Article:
June 22, 2012

Stirring the dust under the feet

Just before the Thai  July 2011 General election I was asked by Bloomberg: “What are the prospects of a power-sharing arrangement between Thaksin and his opponents?” My response in part was:

“Apart from hardline elements who mistakenly view Thaksin as the nadir of monarchist Thailand, my guess is the economic and political costs of protracted conflict is now weighing heavily on some of the incumbents who still want to steer Thailand to a prosperous and modern future. There must be considerable distress felt in royalist circles at the anti-royalist feeling that is emerging among rank and file redshirts and frankly the only genuine way to stop this growing is by bringing Thaksin back into the fold. Thaksin has time and time again shown his willingness to abide by most public protocols in relation to the monarchy. The inane propaganda efforts of the various security agencies are a lesson in blowback and the stupidity of force feeding people with "correct ideas". The more men in khaki wax lyrical about the royal family the more their standing is diminished. Thaksin has always signalled his willingness to do a deal and moreover is happy to deploy royalist imagery. This is what he offers and no one else can play this card. This will be the basis of any power-sharing arrangement.

In some senses the stark choice facing the rival camps is continued conflict at the cost of mutual destruction and seeing Thailand meltdown, or some step back from this and working out a formula for power sharing or at the very least a situation in which a "loyal opposition" has a credible chance of electoral victory at the following election. And should something be "agreed" this raises another question, how would such a historic anti-climax be received among those mobilised yellow and red -shirted citizens. This takes us to the final of the many unknowns of the post election period: the potential of a rising democratic mass in the face of this intra-elite bargaining and game-playing. Of all the possible game changers, this seems the least unlikely on the balance of probabilities. I'd like to be proven wrong.”

More recently I’ve been asked about the lack of support for amending Article 112 that concerns lese majeste. My response was:

“There is actually broad but muted support among some sections of the elite to amend the law, liberal royalists have come out in favour of amendment and of course red-shirt elements are strongly in support. The proposed amendment in the “people’s bill” are smartly pitched and in a situation where public policy was rationally debated you’d have to say the bill would go some way to answering the needs of both sides of the political divide.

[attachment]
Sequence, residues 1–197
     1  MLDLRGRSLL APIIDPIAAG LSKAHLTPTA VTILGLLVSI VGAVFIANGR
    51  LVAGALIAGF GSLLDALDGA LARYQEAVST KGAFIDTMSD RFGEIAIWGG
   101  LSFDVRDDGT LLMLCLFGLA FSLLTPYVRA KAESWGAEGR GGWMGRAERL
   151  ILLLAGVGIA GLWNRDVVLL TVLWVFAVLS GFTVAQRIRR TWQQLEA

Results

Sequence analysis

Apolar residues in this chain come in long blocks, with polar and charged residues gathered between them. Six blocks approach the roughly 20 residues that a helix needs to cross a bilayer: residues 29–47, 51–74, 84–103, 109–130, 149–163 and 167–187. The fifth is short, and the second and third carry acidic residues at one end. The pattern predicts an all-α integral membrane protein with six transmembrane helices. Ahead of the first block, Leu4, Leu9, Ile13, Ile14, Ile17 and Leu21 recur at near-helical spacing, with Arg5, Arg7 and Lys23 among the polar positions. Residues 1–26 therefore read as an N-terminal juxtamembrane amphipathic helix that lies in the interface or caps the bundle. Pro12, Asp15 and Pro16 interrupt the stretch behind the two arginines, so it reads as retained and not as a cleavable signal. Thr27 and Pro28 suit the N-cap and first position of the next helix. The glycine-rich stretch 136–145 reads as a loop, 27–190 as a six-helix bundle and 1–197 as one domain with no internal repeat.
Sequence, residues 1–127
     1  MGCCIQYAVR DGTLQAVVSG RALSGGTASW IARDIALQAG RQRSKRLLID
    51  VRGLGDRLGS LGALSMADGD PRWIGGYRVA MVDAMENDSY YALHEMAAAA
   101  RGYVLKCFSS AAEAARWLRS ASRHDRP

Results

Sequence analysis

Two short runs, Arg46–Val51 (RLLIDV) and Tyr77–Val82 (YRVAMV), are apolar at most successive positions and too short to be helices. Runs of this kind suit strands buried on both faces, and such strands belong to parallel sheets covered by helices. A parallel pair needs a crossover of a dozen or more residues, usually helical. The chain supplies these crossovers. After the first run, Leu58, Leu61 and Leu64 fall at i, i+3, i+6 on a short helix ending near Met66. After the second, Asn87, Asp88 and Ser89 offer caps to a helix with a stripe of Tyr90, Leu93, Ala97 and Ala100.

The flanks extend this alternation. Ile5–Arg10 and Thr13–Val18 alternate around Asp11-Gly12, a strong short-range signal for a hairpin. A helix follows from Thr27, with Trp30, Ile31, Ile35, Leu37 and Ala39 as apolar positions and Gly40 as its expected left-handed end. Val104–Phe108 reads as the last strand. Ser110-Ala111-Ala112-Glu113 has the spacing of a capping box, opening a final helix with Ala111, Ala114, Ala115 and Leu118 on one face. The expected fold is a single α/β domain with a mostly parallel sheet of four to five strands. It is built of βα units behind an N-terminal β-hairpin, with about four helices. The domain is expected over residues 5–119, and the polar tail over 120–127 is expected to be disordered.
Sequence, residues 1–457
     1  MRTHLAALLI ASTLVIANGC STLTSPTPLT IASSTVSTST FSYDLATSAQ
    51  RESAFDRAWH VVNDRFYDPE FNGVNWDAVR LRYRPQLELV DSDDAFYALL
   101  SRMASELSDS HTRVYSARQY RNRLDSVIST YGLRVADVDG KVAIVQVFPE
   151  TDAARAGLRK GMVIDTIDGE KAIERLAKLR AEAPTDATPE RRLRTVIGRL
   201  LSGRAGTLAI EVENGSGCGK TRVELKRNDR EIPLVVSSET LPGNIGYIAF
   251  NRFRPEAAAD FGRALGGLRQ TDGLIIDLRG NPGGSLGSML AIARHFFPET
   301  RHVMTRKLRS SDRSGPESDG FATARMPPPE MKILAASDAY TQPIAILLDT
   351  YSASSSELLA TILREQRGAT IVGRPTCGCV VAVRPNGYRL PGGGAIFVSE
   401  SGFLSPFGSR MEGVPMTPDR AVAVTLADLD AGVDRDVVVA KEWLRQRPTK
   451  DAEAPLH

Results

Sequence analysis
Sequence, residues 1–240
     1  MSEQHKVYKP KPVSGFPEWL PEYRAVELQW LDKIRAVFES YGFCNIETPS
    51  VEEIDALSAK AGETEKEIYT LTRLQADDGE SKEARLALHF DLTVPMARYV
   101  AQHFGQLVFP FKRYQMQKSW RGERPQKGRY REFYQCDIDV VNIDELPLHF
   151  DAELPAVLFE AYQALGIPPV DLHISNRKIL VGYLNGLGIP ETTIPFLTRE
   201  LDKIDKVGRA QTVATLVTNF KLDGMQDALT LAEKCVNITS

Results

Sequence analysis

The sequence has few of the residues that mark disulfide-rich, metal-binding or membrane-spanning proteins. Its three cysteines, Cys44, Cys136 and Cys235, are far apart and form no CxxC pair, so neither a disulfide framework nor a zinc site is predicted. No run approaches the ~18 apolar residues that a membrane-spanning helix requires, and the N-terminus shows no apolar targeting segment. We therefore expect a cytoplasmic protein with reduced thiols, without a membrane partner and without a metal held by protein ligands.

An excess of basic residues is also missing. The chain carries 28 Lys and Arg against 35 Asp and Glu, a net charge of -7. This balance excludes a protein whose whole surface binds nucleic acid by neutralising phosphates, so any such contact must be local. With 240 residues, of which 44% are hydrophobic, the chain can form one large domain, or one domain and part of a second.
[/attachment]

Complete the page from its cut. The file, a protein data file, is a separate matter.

But rational public debate is playing second fiddle to various political imperatives. These include constantly changing attempt to appease hardline royalists and not provoke mobilisation. You can see in the mobilisation against the amnesty bills what is possible. You’d expect greater mobilization to oppose the Campaign 112 Bill, given the monarchy’s place in Thailand’s symbolic politics.

Pheu Thai forces made it very clear in the days after the July 2011 election that the monarchy was their most vulnerable point and they would need to move slowly. They’ve lived up to that expectation, with people still in prison, and Chalerm’s war room to monitor lese majeste. But the plea by government sympathisers to understand Pheu Thai’s constrained political environment can also be self-serving - it creates a space for Thaksin forces to use anti-monarchy sentiment among supporters as their strongest bargaining point with the establishment to try and forge a power-sharing arrangement. “Deal with us, and we can stop this” is the message. This attempt largely defines the last year of political bargaining.

It is evident that while party-connected red shirts and those surrounding Thaksin do not totally control the red-shirt movement, they are in a position to largely shut down anti-monarchy discourse or at least alienate it from the more cautious elements of the movement. This is what they offer at the bargaining table. In some senses, the future of the monarchy depends on what agreements can be made to share power.

A final point to make would be that the reluctance to amend reflects a national condition of impending crisis. There is respect on both sides of politics for the king. This is a cultural condition that does not necessarily reflect agreement on the monarchy or the lese majeste law , but a sentiment that says so late in the reign it would be disrespectful to make these moves. For those who feel the king’s presence as the father and soul of the nation – and these ideas are really felt – amendment that is politically motivated appears as ingratitude. For that reason, amendment will likely quickly follow the passing of King Bhumiphol.

Amendment is only likely to happen in this reign under two conditions. Either a signal comes from the palace, so that the amendment is seen as part of the narrative of a democratic kingship or controversial amendment, even abolition, occurs as part of an increasingly polarised struggle for total power. Amendment based on rational debate is a distant possibility.”